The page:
Article 46 also provides guidelines on the required contents of this written notification, which must at least include a description of the personal data that was breached, when and how the personal data was breached, and the efforts undertaken by the Personal Data Controller to mitigate the effects of the data breach and recover affected personal data.
These provisions provide clarity on the previously unclear timeframe for notifying the relevant parties in the event of a personal data breach and the information that must be included in the notification. It also eliminates the need for Personal Data Controllers to report a data breach to the MOCI and BSSN.
However, during the transition period before the new agency under the PDP Bill is formed and functioning, data breach notifications should continue to be submitted to the MOCI and BSSN. Furthermore, pursuant to Article 75 of the PDP Bill, all laws and regulations regarding personal data protection are still applicable as long as they do not contradict any of the provisions of the PDP Bill. This means the procedure to notify affected Personal Data Owners under MOCI Reg. 20 is still applicable.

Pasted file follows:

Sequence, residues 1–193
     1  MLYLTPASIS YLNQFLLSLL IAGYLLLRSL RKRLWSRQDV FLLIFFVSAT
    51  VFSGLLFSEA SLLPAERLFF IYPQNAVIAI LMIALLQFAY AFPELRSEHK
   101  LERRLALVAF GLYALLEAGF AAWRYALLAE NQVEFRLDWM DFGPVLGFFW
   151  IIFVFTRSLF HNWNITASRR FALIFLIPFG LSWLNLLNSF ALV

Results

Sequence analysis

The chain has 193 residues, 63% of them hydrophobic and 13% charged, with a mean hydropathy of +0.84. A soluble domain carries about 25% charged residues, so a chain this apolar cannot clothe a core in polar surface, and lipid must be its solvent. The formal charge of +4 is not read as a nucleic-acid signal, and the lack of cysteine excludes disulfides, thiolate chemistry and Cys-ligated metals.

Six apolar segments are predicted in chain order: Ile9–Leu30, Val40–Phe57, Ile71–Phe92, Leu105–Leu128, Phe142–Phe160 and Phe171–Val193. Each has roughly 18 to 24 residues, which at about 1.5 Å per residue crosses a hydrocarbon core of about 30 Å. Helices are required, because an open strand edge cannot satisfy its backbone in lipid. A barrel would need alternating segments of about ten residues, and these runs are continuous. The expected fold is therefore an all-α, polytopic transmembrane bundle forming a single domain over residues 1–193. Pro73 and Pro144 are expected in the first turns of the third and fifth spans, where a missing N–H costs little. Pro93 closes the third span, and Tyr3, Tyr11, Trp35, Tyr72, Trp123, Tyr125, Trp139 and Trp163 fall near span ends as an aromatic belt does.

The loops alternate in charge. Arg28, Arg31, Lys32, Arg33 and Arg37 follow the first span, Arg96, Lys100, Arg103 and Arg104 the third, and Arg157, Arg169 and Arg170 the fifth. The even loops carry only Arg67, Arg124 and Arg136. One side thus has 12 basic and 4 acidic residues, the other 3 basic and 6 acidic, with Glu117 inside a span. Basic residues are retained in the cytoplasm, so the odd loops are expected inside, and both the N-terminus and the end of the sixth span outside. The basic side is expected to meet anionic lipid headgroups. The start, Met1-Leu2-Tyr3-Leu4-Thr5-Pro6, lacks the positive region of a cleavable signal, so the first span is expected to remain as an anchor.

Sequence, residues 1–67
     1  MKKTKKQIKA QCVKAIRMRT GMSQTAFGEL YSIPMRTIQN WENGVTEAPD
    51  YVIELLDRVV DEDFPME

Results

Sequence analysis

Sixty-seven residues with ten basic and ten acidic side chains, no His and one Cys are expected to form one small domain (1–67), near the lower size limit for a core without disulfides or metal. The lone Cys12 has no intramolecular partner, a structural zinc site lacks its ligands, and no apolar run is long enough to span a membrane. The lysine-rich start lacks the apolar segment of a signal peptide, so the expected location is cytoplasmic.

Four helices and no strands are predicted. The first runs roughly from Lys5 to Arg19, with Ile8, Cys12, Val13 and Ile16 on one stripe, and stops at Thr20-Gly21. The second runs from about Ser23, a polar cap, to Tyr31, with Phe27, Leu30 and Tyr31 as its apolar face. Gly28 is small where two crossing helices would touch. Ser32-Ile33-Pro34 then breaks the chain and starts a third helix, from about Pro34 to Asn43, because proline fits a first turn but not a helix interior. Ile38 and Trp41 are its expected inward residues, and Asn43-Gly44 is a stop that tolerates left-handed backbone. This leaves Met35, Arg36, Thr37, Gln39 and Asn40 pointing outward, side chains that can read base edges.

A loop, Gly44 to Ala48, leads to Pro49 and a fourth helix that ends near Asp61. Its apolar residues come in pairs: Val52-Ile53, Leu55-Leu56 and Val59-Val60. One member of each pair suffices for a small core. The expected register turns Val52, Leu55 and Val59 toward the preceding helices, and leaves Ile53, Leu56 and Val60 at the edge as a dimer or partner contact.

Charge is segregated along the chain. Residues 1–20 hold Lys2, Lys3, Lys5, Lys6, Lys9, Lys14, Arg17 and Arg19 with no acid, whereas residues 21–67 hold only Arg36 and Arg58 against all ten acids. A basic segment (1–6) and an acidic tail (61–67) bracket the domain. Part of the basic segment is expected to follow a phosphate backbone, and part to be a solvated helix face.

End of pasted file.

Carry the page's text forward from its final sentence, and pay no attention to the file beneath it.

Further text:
This publication is intended for informational purposes only and does not constitute legal advice. Any reliance on the material contained herein is at the user’s own risk. You should contact a lawyer in your jurisdiction if you require legal advice. All SSEK publications are copyrighted and may not be reproduced without the express written consent of SSEK.